Stonehenge

My wife, Chrissy, and I have just returned from a trip to England. The three week break was a chance to see my family, visit some old friends, and have a vacation. Before we left for the UK, Chrissy expressed an interest in visiting Poole in Dorset (the reason why is for another time), so I suggested we should stop by Stonehenge as it is on the way and Chrissy had never been.

Tickets and Time Slots

It had been a long time since the one and only time I had visited Stonehenge, so I decided to do some research on the English Heritage website. It was there that I discovered Stonehenge now requires advanced booking to guarantee seeing it. Tickets cost £15 (about $25) each for adults and cover parking, access to the onsite museum, and access to Stonehenge itself (checkout the site for up-to-date pricing information). When I visited Stonehenge as a kid, the site had only just earned World Heritage status. Visitors would drive up to the site, park their car, and have a walk around for free or close to it, so £15 seemed a tad expensive. In hindsight, I can see where the money goes and for me (and Chrissy) it was worth it1.

When booking the tickets, you have to select a half hour time slot in which you will arrive at the site. This time slot does not affect how long you can stay, it just staggers arrivals to provide some level of crowd control. I selected a slot in the early afternoon to give us time to get there, although I was somewhat anxious about being able to meet our half hour slot; the website clearly states that missing your slot may mean you cannot visit the site and there are no refunds. In England, journey times can be exceedingly variable due to the high volume of traffic, and due to a combination of other commitments and traffic, I was right to be anxious. As we traveled to Stonehenge from Poole in Dorset, Chrissy called ahead to let them know we would be about an hour late. The staff that we spoke to were very helpful in adjusting our time slot and giving us a new reference code at no extra charge. I could imagine that on a busier day, they might not have been able to help us and we would not have been able to visit.

Stonehenge Visitor Centre

Stonehenge Visitor Centre
Stonehenge Visitor Centre

Upon arrival, our advanced booking ticket gave us access to the car park. For those without advanced booking, parking was £5, refundable on buying a ticket (I suppose this fee is to discourage people just stopping by to use the toilets or grab a snack). However, drop-in visits cost nearer £18 each (and I assume would be subject to availability based on how busy they are). Given this information, I highly recommend getting advanced tickets. I also recommend making your time slot and if you cannot, calling ahead rather than just waiting to get there.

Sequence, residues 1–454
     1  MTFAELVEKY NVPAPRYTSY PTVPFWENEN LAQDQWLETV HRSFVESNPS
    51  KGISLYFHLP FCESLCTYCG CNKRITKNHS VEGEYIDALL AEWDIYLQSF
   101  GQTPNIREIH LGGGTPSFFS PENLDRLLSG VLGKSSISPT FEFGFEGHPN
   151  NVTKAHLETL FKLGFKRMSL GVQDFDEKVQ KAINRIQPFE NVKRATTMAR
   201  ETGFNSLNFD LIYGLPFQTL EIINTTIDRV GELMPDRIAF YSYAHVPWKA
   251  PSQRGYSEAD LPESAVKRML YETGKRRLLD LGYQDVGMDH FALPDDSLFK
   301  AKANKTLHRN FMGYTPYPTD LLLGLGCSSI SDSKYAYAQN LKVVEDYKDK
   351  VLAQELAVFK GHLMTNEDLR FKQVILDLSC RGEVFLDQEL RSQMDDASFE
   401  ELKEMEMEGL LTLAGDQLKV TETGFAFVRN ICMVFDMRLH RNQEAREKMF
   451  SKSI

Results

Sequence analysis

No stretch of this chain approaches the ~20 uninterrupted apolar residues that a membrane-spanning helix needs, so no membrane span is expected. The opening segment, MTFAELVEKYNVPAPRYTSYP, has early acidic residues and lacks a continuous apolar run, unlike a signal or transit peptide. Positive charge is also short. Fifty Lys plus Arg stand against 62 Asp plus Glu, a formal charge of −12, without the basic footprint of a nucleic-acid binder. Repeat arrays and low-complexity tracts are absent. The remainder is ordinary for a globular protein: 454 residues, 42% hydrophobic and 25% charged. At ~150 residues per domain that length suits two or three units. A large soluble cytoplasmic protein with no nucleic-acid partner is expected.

Visiting Stonehenge from London
Stonehenge is not quite as close to London as the movies often make out. The monument is roughly an hour and forty minutes from London by car (depending on traffic), or nearly four hours by public transportation.

Parking, situated a mile or two from Stonehenge itself, was easy. As we stepped out of the car, the exposed nature of the area was evident. Outside the shelter of the visitor centre, the wind was strong and biting. Having experienced it without, I definitely recommend dressing in layers, including scarf, gloves, and hat, just in case the weather is inclement.

From the car park leads a path to the new and impressive visitor centre. Inside which is an extensive gift shop2, a cafeteria, toilets (these were clean and well-maintained), and a museum. We grabbed some food before exploring more and found it to be excellent if not a little overpriced; somewhat reminiscent of Ikea but with less meatballs.

Neolithic Village

Neolithic Village
Neolithic Village

At the back of the visitor centre is an open air imagining of a neolithic village containing several roundhouses. After eating in the cafeteria, we decided to check that out first. Each roundhouse represents a possible example of neolithic life, based on archaeological discoveries and expert conjecture.